* Small gas-fired power plants provide quick solutions to electricity crunch
* Gas cheaper than oil, eases Indonesia fuel subsidy pressure
* Gas demand growth to accelerate to nearly 7 pct in next 5 yrs-consultant
By Brian Leonal and Florence Tan
SINGAPORE, June 5 (Reuters) - Indonesia is developing more small gas-fired power plants, as Southeast Asia’s biggest economy aims to meet soaring electricity demand and cut dependence on oil imports, in a move likely to divert greater quantities of gas away from exports.
Small plants - typically producing 100 megawatts or less - are on course for a two-thirds increase in capacity by 2022. That may force Indonesia to step up imports and limit shipments amid a decline in output from ageing fields.
State utility PT Perusahaan Listrik Negara (PLN), for instance, said in April it hoped gas from the Bontang project will be diverted to it when a liquefied natural gas (LNG) supply contract with a Japanese buyer expires. Indonesia is the world’s fifth-largest LNG seller.
“When you look at their domestic demand, you also have to look at their desire to maintain exports. So when you put them together, I think it is quite challenging to meet both,” said Zhixin Chong, an analyst at consultancy Wood Mackenzie.
Indonesia’s gas demand growth is expected to rev up to near 7 percent annually in 2014-2018 to 4,800 million cubic feet a day (mmcfd) from a 4 percent yearly growth rate seen since 2009, according to Wood Mackenzie. Annual supply growth has lagged at 2 percent since 2009.
The nation is shifting from oil use in the power sector to cut a high fuel subsidy bill that has pushed its current account deep into deficit. On Wednesday, Indonesia reported its second-biggest monthly deficit in five years for April.
With bigger gas- and coal-power projects taking longer to get land clearances and to line up funding, small gas-based power plants that can be built in months will race ahead first, power plant operators said.
“We build those power plants in 2-6 months,” said Arno Hendriks, chief executive of Jakarta-based independent power producer MAXpower which operates 15 gas-based plants in Indonesia and is building another four.
The company completed a 35-megawatt plant in Sumatra in just two months, he said. These plants come in modular units which allow operators to add more to meet higher demand or remove them to place on alternate sites in the archipelago if gas supply was not available or in remote areas which lack electricity transmission grids, Hendriks said.
Indonesia’s electricity demand is seen doubling by 2022. By then nearly 30 percent of power capacity will be based on gas, of which almost a fifth will come from projects with capacity of 100 megawatts or smaller, data compiled by Reuters shows.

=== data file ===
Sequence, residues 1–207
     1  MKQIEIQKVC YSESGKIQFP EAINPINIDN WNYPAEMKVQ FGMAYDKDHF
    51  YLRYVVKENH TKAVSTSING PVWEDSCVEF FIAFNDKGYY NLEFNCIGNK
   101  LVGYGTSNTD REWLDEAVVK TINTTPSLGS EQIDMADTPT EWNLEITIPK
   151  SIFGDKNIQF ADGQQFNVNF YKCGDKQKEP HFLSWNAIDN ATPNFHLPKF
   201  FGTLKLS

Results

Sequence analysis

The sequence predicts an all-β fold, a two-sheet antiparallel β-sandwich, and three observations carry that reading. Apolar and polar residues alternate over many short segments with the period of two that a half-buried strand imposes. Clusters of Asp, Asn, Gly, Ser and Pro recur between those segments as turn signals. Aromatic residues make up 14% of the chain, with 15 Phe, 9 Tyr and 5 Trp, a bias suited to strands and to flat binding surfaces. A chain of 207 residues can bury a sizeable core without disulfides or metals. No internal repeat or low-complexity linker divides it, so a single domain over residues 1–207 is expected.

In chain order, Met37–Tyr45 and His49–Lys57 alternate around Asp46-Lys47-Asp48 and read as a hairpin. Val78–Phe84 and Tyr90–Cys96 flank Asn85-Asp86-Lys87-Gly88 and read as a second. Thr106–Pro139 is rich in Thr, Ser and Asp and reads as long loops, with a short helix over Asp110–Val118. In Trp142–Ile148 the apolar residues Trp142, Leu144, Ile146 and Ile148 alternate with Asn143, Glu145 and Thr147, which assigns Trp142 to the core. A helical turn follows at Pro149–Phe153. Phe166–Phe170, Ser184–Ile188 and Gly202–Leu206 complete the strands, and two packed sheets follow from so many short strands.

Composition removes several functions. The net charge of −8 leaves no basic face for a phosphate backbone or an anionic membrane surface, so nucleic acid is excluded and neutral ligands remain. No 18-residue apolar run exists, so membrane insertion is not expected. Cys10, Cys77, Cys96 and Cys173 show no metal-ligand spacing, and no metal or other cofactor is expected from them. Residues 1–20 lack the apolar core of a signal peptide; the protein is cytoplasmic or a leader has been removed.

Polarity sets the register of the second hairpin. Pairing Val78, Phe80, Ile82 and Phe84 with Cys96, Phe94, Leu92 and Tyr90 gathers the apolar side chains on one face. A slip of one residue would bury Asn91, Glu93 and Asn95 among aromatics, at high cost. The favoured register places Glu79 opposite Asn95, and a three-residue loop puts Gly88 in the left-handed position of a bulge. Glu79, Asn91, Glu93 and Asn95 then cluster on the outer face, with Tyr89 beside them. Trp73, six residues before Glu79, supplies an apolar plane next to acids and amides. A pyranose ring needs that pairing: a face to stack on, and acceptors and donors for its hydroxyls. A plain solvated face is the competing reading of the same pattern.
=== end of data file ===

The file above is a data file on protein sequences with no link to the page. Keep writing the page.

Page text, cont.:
Equipment supplier General Electric Co expects Indonesia’s new mining policies to spur power demand as miners have to refine mineral ores before exporting, said Made Wiratma, market development director at GE Distributed Power, ASEAN.
Indonesia holds Asia’s third-largest proven gas reserves, at more than 100 trillion cubic feet, BP data showed, but their development has been slow.
If Indonesia moves ahead with new developments at gas fields, supply could reach 9,150 mmcfd in the next five years, but if it doesn‘t, that could decline to 7,000 mmcfd, Wood Mackenzie’s Chong said, leading to a combination of greater imports and export cuts.
That could upset its power economics. Electricity generated from domestic gas is the cheapest at about 10 cents per kilowatt hour, close to the local tariff, but Indonesia will have to subsidise power or raise tariffs if it buys LNG in the international spot market, said Fazil Erwin Alfitri, chief executive of utility PT Medco Power Indonesia.
Still, imported LNG will be cheaper than burning diesel, he said. The cost of generating a kilowatt hour of electricity is three times higher for diesel compared with piped gas, operators said.
Indonesia will also be mindful of hurting LNG exports, given the trade deficit.
It diverted 1.5 million tonnes of LNG from exports for domestic use and exported close to 17 million tonnes last year, said Ryan Lawrence, an analyst at consultancy FGE. The diverted volume could increase to 2 million tonnes this year but would still be small compared with exports, he said.
Imports are also being beefed up.
Pertamina announced in December Indonesia’s first gas import deal to ship 0.8 million tonnes a year from U.S.-based Cheniere Energy Inc. The state-owned energy firm expects to triple imports by 2025.
“In the short term, as stopping LNG export contracts is not viable, importing gas becomes more of a viable option,” said Emil Andi Rahman, a corporate secretary at gas distributor PT Perusahaan Gas Negara Tbk (PGN). (Additional reporting by Wilda Asmarini in JAKARTA; Editing by Muralikumar Anantharaman)